Under the bill, medicinal marijuana could be prescribed to patients with cancer, glaucoma, AIDS-HIV, post traumatic stress disorder, seizures, severe pain and nausea, and muscle spasms.
 
Taylor said the bill would allow patients to grow up to 10 marijuana plants and have up to 3 ounces in their possession. Patients who choose not to grow their own would be able to purchase medicinal marijuana with a doctor’s prescription at state-regulated, non-profit “compassionate care centers.”
 
“It would be fairly tightly controlled,” Taylor said. “Given that, I would hope some Republicans would support this.”
 

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How Much Does The Obama Administration Spend On Medical Marijuana Enforcement?

Category: Medical Marijuana | Posted on Fri, August, 2nd 2013 by THCFinder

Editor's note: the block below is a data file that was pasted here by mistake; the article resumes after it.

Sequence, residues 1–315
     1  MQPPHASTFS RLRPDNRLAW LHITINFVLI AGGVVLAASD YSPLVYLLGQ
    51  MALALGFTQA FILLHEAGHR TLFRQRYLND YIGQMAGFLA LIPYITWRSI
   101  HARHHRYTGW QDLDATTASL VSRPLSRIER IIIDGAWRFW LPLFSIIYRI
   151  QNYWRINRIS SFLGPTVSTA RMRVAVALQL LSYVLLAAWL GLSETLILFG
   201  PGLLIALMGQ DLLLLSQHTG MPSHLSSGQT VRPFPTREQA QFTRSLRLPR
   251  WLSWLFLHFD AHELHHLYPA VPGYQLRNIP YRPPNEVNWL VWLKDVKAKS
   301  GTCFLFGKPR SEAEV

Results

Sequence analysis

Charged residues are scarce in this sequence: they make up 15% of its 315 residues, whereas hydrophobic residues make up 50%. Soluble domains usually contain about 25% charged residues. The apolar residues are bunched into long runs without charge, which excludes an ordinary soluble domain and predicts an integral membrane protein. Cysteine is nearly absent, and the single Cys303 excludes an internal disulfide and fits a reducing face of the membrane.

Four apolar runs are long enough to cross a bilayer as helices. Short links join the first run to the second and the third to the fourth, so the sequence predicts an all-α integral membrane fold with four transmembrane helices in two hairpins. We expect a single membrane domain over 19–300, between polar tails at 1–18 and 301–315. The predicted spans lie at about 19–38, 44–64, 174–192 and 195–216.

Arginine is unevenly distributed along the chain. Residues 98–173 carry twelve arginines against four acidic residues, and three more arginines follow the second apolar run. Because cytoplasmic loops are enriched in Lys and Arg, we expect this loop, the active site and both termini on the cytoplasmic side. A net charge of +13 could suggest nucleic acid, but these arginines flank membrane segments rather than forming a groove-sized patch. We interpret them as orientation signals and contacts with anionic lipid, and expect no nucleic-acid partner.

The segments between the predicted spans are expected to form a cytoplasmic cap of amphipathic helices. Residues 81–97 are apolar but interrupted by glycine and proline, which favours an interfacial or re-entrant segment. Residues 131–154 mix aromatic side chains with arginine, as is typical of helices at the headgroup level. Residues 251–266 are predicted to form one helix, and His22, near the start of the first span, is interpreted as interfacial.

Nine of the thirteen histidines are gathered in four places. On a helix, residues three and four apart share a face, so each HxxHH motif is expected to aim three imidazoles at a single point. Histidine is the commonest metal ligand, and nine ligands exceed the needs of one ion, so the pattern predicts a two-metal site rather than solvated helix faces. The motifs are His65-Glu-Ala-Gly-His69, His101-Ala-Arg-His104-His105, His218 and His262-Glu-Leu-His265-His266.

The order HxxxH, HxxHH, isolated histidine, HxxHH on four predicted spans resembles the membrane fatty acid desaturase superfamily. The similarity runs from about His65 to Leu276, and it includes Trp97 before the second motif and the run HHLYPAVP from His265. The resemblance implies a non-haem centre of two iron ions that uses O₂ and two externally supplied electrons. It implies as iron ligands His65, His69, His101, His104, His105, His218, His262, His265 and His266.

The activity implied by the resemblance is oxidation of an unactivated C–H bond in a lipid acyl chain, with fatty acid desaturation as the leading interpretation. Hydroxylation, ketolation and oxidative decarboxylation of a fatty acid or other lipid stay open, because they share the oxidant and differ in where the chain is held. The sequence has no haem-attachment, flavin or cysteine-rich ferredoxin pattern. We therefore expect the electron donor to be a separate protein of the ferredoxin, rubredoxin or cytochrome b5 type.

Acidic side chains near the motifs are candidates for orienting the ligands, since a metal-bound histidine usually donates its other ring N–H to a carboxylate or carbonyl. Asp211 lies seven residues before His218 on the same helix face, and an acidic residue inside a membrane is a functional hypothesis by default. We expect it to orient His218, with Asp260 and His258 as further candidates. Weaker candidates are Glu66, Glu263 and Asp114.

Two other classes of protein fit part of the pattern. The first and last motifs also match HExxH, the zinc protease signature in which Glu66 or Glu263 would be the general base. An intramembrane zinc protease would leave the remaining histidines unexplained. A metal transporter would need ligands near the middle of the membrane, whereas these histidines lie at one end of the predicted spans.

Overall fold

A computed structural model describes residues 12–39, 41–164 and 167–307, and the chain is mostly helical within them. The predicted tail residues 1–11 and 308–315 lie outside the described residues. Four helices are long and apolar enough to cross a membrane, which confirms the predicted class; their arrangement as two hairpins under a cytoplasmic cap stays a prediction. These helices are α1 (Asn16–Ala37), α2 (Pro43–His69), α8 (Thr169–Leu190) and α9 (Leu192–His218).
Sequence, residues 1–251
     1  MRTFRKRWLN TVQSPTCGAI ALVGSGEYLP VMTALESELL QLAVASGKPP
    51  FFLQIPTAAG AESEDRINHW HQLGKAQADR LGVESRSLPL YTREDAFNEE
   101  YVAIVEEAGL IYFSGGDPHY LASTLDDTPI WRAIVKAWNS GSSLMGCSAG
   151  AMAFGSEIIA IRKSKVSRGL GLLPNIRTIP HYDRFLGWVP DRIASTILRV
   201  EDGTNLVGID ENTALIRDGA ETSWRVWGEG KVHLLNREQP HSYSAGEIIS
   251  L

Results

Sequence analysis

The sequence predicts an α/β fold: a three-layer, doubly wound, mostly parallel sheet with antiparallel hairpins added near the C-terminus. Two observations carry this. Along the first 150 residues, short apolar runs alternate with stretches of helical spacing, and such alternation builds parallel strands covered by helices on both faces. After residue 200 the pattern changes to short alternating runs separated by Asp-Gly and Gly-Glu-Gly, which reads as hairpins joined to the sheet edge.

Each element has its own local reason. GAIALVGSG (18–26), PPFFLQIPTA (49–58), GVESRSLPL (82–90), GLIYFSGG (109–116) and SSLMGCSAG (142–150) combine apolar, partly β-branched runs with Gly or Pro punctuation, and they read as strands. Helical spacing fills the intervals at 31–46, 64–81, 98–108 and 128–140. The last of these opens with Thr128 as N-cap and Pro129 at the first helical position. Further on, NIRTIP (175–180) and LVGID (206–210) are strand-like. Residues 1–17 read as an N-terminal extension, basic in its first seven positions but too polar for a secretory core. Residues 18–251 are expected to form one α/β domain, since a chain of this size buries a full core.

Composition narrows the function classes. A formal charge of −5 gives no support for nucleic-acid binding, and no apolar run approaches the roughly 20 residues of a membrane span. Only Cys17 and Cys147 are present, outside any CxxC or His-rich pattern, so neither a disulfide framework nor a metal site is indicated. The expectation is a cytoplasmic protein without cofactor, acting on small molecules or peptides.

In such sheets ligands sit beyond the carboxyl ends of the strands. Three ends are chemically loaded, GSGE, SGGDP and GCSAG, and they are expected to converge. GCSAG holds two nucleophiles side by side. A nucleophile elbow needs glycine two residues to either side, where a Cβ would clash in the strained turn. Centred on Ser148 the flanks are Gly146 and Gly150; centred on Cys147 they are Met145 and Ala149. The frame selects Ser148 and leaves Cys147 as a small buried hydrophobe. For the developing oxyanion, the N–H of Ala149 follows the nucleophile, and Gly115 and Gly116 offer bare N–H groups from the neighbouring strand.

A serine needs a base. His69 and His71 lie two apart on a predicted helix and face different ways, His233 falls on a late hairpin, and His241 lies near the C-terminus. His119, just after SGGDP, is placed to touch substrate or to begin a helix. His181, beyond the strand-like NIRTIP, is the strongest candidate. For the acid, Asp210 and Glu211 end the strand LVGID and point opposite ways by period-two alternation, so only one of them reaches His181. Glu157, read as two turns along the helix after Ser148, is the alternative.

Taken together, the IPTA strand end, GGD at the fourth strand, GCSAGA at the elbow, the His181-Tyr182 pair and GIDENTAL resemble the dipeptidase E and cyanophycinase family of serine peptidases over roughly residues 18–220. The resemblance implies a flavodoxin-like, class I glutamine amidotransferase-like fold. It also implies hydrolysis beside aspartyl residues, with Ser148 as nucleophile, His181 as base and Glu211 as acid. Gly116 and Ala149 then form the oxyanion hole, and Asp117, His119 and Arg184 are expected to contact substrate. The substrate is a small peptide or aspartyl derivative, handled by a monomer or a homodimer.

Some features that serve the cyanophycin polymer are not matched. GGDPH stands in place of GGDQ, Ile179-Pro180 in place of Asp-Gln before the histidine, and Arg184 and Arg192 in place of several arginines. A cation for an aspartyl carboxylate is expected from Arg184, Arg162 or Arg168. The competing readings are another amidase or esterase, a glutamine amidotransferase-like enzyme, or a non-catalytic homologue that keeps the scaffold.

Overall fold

mmj-spendingAs part of our ongoing Peace for Patients campaign, ASA is fighting hard to end the federal war on medical cannabis patients … but we can’t do it without your help! This summer, Congress has the power to cut the Department of Justice’s (DOJ) budget on all medical cannabis enforcement, essentially calling a temporary ceasefire in the war on medical cannabis.
 
Throughout the month of August while Congress is on summer recess, organizers across the country will be meeting with their electeds in their home districts to lobby for a cut to the DOJ’s budget. To make the biggest impact, ASA needs your help informing Congress that Obama is wasting over $100,000 a day by dropping off a 100 Grand postcard and candy bar to your Senators’ and Representatives’ offices.
 
ASA’s staff has made it super easy to participate in this action by creating a Campaign Toolkit so that you have all the resources you need to be successful. Incldued in the toolkit:
 
100 Grand Postcard (see image above) to drop off